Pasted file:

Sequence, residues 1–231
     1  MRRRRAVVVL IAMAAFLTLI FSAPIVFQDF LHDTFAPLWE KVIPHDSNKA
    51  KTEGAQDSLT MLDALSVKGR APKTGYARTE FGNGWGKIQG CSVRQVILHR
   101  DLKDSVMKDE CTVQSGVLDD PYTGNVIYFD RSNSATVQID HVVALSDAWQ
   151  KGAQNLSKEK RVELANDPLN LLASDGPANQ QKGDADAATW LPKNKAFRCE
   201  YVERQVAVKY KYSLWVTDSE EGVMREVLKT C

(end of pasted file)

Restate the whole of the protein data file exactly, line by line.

Sequence, residues 1–231
     1  MRRRRAVVVL IAMAAFLTLI FSAPIVFQDF LHDTFAPLWE KVIPHDSNKA
    51  KTEGAQDSLT MLDALSVKGR APKTGYARTE FGNGWGKIQG CSVRQVILHR
   101  DLKDSVMKDE CTVQSGVLDD PYTGNVIYFD RSNSATVQID HVVALSDAWQ
   151  KGAQNLSKEK RVELANDPLN LLASDGPANQ QKGDADAATW LPKNKAFRCE
   201  YVERQVAVKY KYSLWVTDSE EGVMREVLKT C